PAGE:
Daily Mirror journalist Sandun A. Jayasekera was assaulted by soldiers providing security at the Maharagama hospital while President Mahinda Rajapaksa was attending an event at the hospital this morning.
According to Mr. Jayasekara the troops had not allowed him to enter the premises to cover the event despite him receiving an official media invitation. Mr. Jayasekara had produced his media card to the Army soldiers but they had scolded him in filth.
However later officers of the Presidential security Division (PSD) who had recognized Mr. Jayasekera invited him inside to cover the event.
Following the event when Mr. Jayasekara was leaving the premises the soldiers who had earlier prevented him from entering the premises rounded him up and assaulted him seemingly embarrassed that he was allowed in to cover the event despite the soldiers not giving him permission.
Mr. Jayasekara was admitted to the Colombo National hospital for treatment a short while ago.
© Daily Mirror
Wednesday, May 05, 2010
Wednesday, May 05, 2010
N.Manoharan - Despite the formal end of ethnic war, an island-wide Emergency continues in Sri Lanka. Since August 2005, when the Emergency was re-imposed in the wake of the assassination of the then Foreign Minister Lakshman Kadirgamer, the Sri Lankan Parliament has renewed it for the 62nd time this April. The Public Security Ordinance (PSO), under which Emergency is declared, stipulates that unless the country’s Parliament votes for its renewal at least by a simple majority within a month, the Emergency will be null and void.
The principal justification given for perpetuating the ‘state of exception’ is to tackle Tiger remnants. According to the government of Sri Lanka, about 9000 LTTE cadres have surrendered, but hundreds are still prowling in various parts of the country. The government claims that they may pose threat to the security or may try to make a comeback; that they are just waiting for an appropriate opportunity. Emergency blanket, therefore, is an imperative not only to smoke them out, but also to tame them once and for all.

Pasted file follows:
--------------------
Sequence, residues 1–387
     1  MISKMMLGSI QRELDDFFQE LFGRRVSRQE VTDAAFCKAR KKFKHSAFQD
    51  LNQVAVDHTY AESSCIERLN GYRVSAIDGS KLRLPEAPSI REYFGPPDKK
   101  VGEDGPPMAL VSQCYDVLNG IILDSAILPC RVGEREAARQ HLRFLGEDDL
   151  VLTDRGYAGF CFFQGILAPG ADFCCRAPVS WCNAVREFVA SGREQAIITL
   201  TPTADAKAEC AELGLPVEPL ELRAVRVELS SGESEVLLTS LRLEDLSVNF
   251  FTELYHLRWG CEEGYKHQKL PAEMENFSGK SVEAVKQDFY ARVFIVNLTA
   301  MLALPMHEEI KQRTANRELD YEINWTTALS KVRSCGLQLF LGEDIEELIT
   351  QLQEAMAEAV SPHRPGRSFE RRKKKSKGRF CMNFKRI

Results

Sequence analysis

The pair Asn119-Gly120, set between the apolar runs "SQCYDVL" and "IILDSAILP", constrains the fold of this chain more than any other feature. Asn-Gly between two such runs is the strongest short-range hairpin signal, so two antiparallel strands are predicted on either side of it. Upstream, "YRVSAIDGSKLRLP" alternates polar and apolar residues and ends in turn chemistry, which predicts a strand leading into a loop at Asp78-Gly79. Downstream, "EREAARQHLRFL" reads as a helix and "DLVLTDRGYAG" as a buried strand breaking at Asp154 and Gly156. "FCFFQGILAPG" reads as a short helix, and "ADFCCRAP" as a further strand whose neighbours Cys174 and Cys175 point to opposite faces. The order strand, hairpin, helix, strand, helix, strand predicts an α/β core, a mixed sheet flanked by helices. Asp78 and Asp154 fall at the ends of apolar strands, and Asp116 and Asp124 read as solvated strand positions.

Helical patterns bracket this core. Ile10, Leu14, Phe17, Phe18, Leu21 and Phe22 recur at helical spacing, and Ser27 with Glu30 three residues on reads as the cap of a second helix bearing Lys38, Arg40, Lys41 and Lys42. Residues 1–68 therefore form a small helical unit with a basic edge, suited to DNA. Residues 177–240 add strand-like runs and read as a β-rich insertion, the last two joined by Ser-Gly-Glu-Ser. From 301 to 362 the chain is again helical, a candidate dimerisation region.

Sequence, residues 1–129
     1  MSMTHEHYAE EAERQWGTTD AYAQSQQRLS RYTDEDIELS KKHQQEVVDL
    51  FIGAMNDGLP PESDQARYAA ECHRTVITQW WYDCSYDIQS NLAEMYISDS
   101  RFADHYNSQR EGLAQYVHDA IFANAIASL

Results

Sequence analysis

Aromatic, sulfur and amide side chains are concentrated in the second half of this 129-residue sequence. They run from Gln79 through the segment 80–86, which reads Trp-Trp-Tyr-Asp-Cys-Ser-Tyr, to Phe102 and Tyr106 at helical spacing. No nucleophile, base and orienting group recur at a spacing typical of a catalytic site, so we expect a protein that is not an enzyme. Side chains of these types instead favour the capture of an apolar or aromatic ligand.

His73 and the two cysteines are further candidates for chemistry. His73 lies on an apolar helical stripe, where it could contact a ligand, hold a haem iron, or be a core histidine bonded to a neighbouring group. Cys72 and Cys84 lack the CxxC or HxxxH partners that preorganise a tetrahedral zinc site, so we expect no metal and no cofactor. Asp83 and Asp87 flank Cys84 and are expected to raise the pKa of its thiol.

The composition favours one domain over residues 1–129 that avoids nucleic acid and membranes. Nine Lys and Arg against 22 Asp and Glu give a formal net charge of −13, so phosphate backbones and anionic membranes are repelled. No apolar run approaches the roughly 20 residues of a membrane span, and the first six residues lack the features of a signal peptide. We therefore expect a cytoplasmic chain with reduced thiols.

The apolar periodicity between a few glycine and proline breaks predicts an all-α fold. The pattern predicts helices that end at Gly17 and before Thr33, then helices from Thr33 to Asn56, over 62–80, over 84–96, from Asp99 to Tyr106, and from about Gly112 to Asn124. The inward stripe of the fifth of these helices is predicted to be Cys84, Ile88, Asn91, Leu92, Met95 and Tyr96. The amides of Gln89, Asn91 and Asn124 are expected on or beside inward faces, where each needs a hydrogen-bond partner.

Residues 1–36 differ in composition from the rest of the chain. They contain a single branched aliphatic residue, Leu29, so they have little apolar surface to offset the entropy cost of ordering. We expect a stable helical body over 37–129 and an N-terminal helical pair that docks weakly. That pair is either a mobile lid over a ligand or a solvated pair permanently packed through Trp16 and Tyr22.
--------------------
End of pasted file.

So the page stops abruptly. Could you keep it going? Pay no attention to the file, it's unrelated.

The major concern however, is the long-term effect of a prolonged use of Emergency. Nearly half of independent Sri Lanka has been under the Emergency rule. As a result, a culture of repression and impunity has developed among the security forces. Emergency, combined with special laws like the Prevention of Terrorism Act (PTA), has virtually paralysed the operation of the normal legal process by allowing overriding, amending or suspending any law, except the provisions of the Constitution. They are vast in scope and are frequently used for non-emergency purposes.
Offences under Emergency Regulations are also vast. They range from; to bring or attempt to bring the President, Constitution, government or the judiciary into hatred or contempt by spoken or written words or promote hatred between different groups; to publish information or comment about a proscribed organisations like the LTTE or government investigation into such an organisation, and, publication on the disposition, condition, movement or operations of the security forces or matters relating to the defence of Sri Lanka.